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I saw here that you should use drop when passing a (single-column) XTS object to the ccf (cross-correlation) function. (The sample data is quite big, so I put it in a gist)

library(xts)
gist="https://gist.github.com/raw/3291932"
tmp1=dget(file.path(gist,"e620647218626929b4ee370a05aa7748b2f9a32b/tmp1.txt"))
tmp2=dget(file.path(gist,"49b732db3eafa52f96006e3b1bb0be28380f5df0/tmp2.txt"))
ccf(drop(tmp1),drop(tmp2)) #Weird?

I expected a small peak around lag=0, with mostly noise either side. Instead I got a straight line:

ccf on all 400 bars

That was 400 bars. I got the same kind of line on my full data of thousands of bars. But if I use just the tail-end 100 bars of that data I get something closer to what I expected: (50 bars looks even more plausible)

ccf for just the last 100 bars

I'm a bit stumped if this is a ccf bug, a problem with the way I use xts objects, my misunderstanding of what ccf is doing, or I've magically discovered the formula to beat the stock market...

share|improve this question
    
@JoshuaUlrich Thanks for editing the code to link it directly to gist; I didn't know that was possible. However I get "cannot open the connection" because of "unsupported URL scheme"; do I need to configure something, or load another package? – Darren Cook Aug 8 '12 at 23:12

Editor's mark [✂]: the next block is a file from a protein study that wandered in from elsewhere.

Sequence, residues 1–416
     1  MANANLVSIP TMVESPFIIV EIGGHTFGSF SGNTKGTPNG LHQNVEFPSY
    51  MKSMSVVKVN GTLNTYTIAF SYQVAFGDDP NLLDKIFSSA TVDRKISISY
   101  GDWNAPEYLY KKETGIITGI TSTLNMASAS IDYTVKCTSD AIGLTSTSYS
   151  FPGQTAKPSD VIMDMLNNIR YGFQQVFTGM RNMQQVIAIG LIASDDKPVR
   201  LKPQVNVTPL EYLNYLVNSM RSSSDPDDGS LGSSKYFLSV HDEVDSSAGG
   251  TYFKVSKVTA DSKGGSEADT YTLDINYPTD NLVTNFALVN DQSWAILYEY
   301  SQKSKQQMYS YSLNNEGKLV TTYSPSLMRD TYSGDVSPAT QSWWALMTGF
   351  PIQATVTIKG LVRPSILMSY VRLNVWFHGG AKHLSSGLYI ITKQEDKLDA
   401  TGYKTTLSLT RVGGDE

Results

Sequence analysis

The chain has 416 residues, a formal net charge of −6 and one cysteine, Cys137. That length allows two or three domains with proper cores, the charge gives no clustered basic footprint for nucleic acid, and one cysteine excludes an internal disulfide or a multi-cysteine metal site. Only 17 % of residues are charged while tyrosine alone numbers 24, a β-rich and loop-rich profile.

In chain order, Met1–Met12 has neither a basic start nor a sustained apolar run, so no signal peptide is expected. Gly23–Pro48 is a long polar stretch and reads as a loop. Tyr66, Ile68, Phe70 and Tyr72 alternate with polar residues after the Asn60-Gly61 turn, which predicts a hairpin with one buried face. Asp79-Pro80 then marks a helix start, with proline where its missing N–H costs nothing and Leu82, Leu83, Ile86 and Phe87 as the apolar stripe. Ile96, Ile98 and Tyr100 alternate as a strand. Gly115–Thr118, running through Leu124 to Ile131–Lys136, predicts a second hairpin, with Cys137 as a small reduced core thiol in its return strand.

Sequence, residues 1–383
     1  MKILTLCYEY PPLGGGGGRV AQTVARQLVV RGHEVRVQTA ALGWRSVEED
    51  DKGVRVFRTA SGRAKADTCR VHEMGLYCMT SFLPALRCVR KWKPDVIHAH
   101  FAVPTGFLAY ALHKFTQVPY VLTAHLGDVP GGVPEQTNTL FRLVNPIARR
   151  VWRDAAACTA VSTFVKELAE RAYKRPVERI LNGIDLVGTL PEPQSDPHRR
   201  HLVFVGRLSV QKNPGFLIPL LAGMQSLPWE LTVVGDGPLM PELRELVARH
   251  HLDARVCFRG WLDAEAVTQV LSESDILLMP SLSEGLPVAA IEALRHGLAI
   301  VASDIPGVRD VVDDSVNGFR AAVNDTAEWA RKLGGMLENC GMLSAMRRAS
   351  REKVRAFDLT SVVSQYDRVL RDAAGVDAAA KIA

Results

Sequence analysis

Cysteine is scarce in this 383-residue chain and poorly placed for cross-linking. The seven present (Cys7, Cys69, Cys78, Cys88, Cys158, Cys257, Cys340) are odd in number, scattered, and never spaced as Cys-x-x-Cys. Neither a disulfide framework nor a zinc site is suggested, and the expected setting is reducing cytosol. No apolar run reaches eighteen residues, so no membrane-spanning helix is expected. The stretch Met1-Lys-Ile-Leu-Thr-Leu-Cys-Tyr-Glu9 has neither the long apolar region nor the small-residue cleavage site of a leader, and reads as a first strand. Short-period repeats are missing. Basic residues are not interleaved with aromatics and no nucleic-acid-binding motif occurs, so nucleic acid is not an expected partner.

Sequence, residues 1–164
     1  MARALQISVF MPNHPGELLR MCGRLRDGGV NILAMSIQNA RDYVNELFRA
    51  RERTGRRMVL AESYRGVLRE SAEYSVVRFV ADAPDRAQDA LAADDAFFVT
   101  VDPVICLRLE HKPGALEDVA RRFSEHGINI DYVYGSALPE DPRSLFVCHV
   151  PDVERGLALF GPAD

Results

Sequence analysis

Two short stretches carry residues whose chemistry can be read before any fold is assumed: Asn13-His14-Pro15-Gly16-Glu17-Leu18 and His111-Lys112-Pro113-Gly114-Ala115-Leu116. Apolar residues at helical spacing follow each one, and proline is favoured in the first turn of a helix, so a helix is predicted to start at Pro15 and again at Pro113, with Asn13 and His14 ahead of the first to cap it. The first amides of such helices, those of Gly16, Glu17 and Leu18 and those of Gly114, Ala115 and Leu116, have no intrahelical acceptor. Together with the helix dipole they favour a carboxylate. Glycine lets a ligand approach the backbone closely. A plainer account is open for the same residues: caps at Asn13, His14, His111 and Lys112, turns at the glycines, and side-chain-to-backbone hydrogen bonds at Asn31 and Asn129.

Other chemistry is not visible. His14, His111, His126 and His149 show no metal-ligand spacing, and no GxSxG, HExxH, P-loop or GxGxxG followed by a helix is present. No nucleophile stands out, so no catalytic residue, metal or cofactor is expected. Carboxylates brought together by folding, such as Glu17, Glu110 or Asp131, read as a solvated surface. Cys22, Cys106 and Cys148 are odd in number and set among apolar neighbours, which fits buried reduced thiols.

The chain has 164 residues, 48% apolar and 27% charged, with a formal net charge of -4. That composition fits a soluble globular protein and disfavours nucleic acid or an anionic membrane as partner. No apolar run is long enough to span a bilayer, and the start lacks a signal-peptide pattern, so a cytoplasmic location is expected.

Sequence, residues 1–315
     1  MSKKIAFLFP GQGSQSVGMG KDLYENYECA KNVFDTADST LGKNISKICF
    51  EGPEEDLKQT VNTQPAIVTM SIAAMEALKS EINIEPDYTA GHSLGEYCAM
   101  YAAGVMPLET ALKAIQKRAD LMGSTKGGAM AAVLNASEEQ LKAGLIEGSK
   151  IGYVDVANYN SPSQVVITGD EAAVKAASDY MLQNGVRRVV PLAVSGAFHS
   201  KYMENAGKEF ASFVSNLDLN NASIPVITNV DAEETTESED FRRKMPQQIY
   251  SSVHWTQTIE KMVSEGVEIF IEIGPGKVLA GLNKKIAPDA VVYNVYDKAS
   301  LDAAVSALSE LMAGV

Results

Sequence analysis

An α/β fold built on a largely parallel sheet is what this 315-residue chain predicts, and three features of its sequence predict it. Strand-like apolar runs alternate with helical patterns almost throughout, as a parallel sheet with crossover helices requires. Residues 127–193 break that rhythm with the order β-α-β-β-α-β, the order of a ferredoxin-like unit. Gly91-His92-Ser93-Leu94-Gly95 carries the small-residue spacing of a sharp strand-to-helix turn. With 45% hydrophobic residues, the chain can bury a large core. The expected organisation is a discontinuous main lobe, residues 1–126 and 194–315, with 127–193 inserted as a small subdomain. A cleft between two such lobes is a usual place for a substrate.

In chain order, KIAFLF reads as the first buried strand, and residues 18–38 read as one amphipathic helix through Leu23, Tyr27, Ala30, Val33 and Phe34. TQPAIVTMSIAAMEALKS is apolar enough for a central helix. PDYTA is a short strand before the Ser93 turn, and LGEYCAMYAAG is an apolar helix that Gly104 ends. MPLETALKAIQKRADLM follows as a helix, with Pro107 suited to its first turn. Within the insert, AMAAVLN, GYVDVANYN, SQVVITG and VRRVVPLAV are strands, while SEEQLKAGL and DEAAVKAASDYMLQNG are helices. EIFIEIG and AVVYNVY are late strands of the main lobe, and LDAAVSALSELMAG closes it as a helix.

That's odd. It just worked for me. I'm using R-2.15.1. Perhaps you're using an older version? – Joshua Ulrich Aug 9 '12 at 0:36
    
@JoshuaUlrich That is strange, as I'm also using 2.15.1. I also started R with --vanilla, and get same complaint. – Darren Cook Aug 9 '12 at 0:49
    
This explains it. – Joshua Ulrich Aug 9 '12 at 4:13
    
@JoshuaUlrich Actually I had looked at that, but wasn't sure if it was relevant. Are you on Windows then? (I'm on Linux) – Darren Cook Aug 9 '12 at 5:24
up vote 4 down vote accepted

Your results aren't surprising, since you're looking at the cross-correlations between stock prices. Prices usually have high serial auto-correlation at several lags.

acf(tmp1)
acf(tmp2)

Most correlation analysis is done on returns, which creates something more like what you seemed to expect:

ccf(drop(diff(tmp1,na.pad=FALSE)),drop(diff(tmp2,na.pad=FALSE)))
share|improve this answer
    
Thanks Joshua, that does indeed create the kind of noisy chart I was expecting. I don't, internally, get why using raw prices gives the regular-looking chart yet... I think I might have to poke around in the source. – Darren Cook Aug 8 '12 at 23:21

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